Last week, I had a photo session using strobes on which I used color gels, and I thought I should take some time and look back into how I’ve been using them until now.
I recommend checking Daniel Norton’s, YouTube channel; he’s my favorite photographer when it comes to learning how to work in the studio. There’s also strobist.blogspost.com, a must-see for anyone interested in light control. So, there's plenty of information online that can show you how color gel photography works. This post is just my way to share how I've used color gels in the past three years or so, and how I intend to continue using them in the future.
Color Gels on Ambient Light
Using color gels to influence ambient light is an excellent way to make an image seem less ordinary. I enjoy the the atmosphere they create; especially if there’s good color saturation, consistent light spread; and overall contrast.
In the past, I've used color gels on speed lights both bare or with small modifiers as a means to make things seem modern, hip or surreal; and I don't recall ever using more than two light sources at the time
Compared to speed lights, using strobes to influence ambient light provides better results and I plan to invest on a strip box so I can effectively outline the contour on the main subjects.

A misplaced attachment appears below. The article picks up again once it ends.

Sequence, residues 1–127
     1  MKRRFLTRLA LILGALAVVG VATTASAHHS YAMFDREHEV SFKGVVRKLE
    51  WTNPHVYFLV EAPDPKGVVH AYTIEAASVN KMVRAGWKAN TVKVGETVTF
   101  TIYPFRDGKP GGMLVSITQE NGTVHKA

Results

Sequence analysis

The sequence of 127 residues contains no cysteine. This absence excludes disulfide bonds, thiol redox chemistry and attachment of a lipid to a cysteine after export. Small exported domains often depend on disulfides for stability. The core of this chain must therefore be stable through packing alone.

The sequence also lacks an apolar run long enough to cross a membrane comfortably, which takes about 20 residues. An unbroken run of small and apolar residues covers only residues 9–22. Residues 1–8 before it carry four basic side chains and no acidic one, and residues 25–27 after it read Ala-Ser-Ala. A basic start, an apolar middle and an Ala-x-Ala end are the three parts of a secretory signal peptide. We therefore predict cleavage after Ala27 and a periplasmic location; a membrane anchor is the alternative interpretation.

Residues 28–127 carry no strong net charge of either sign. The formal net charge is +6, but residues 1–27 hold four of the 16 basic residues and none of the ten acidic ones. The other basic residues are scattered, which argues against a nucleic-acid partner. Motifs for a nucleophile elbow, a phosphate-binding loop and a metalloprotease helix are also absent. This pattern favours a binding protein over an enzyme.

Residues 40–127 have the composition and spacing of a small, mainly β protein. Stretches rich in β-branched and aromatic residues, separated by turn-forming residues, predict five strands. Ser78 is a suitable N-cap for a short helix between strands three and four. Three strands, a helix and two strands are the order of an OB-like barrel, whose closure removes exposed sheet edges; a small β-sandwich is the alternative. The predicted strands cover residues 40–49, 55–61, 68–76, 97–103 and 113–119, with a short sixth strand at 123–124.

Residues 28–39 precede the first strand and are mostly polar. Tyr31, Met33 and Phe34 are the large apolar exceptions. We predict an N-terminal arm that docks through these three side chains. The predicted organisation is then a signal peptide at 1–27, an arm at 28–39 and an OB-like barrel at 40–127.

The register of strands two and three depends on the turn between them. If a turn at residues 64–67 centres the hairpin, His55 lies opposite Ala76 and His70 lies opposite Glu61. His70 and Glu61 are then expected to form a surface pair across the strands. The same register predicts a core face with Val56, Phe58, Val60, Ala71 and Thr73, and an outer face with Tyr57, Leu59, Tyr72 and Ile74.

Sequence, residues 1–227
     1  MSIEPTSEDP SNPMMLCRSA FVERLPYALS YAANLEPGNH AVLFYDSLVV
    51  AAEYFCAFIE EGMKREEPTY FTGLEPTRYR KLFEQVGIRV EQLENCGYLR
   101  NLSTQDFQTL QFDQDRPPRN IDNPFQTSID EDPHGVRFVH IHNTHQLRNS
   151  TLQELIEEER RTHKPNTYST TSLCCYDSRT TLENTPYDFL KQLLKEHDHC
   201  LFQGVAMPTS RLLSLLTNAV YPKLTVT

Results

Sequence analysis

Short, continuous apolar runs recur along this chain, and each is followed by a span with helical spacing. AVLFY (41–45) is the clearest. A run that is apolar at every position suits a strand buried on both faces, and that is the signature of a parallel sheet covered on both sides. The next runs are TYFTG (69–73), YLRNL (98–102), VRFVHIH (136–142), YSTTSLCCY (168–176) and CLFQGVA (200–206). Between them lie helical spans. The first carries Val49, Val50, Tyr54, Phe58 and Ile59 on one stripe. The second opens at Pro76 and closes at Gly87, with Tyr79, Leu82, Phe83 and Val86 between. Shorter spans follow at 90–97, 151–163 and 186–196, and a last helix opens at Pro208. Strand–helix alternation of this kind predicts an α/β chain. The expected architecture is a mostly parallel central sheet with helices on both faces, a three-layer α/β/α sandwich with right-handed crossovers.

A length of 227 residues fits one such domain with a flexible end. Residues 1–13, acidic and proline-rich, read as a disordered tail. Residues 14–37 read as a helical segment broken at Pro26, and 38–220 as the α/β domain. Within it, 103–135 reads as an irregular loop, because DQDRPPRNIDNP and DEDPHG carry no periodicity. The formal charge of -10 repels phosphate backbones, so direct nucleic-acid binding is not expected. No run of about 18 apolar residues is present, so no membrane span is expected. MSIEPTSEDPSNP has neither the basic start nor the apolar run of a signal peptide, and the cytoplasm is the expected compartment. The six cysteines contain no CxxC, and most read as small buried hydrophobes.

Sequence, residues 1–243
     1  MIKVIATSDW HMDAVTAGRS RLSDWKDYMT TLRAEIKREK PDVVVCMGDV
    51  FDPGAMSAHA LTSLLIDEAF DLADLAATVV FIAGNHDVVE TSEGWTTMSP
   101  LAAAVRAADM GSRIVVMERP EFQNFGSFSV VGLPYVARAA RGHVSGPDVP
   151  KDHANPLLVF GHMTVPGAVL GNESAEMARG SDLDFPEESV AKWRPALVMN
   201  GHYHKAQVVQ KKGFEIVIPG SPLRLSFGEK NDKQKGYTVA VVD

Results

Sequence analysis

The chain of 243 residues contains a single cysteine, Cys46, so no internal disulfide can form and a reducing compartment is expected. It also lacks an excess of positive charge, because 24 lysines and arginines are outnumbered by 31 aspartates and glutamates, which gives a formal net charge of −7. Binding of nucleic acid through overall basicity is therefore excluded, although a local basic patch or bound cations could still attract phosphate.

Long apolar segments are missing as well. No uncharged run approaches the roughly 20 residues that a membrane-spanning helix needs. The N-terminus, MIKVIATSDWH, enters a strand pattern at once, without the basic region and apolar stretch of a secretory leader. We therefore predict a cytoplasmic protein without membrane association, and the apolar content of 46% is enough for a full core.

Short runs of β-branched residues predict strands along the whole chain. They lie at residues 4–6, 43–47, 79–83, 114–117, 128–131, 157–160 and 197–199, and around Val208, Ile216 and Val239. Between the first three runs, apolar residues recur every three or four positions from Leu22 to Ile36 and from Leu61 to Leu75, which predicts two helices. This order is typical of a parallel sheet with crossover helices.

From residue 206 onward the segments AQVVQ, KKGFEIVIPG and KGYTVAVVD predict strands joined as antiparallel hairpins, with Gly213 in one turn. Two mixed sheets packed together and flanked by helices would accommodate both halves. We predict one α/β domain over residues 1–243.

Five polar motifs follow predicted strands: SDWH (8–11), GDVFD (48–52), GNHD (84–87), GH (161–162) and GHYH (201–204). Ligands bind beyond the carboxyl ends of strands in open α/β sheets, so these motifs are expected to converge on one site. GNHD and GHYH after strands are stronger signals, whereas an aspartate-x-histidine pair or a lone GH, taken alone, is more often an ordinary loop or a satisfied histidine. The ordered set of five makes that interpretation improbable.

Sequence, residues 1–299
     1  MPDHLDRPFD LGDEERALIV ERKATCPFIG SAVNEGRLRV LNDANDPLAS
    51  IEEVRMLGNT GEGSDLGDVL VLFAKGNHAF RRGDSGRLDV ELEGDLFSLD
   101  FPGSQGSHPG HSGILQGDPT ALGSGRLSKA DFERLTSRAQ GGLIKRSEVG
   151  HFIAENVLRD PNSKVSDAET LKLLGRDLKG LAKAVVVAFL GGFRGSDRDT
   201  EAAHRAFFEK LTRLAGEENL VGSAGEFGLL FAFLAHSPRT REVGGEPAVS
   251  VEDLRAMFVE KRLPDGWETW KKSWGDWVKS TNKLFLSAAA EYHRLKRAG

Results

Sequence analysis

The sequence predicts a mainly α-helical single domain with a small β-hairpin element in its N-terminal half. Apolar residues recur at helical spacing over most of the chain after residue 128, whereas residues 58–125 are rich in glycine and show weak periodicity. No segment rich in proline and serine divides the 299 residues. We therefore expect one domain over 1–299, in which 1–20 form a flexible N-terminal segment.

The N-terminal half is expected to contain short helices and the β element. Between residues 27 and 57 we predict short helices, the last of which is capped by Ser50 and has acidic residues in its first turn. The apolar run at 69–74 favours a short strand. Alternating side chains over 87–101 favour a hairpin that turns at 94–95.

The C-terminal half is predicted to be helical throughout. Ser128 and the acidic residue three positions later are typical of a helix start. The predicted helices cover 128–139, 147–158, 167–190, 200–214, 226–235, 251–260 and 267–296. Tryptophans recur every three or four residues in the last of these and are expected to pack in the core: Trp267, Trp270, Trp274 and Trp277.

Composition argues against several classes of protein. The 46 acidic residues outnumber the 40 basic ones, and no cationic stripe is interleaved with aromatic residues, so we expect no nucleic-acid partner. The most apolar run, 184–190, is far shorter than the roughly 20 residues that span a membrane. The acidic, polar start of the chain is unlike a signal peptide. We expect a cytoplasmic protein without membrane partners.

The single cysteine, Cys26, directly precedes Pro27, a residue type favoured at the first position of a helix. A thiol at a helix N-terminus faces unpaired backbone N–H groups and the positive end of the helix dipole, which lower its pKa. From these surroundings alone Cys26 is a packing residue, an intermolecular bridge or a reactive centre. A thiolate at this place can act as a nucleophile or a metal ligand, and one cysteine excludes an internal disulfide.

I love mixing constant light with color gels as it creates a cinematic, even painterly effect. In those instances, exposing for the tungsten light source gives the image enough detail on the shadows which I can adjust later on. However, filling shadows with a reflector is a more effective way for extending shadow detail in the raw file, so getting things done on camera as much as possible is the best approach.
contrast and complementary color combinations are very common on color gel photography. Even though those kinds of images can be incredible, blending monochromatic tones to a photograph can be just as striking.
Color Gels on Backgrounds
I've used color gels on backgrounds either to spice things up, add some depth of field or even to enhance attributes like the pose, wardrobe, props or even eye color.
Another way I've used color gels is to match an specific color, like a person's eyes or their wardrobe. One of my earliest reference with this technique was the work of Al Parker, a renown illustrator from the 1950s whose work I enjoy a great deal.
Combining color gels with color correction gels (like CTO gels) can create the illusion of sunset lighting, which renders realistic skin tones quite nicely.
One thing I like about using color gels on a background is that it can magnify texture, create gradients and reflect its color on the subject, which interestingly enough cleans and softens up the form.
On my most recent photo session, I used various techniques I listed on this post. The result I like best was when I bounced a gelled light from a blank wall and pop-up reflector, as I feathered the strobe light to ensure I would get a dark, solid background.
So, working with color gels is a lot of fun, I’ve always loved the flair it adds to an image, especially to portraits. But, doing it right takes a lot of practice, so I choose to use them sporadically.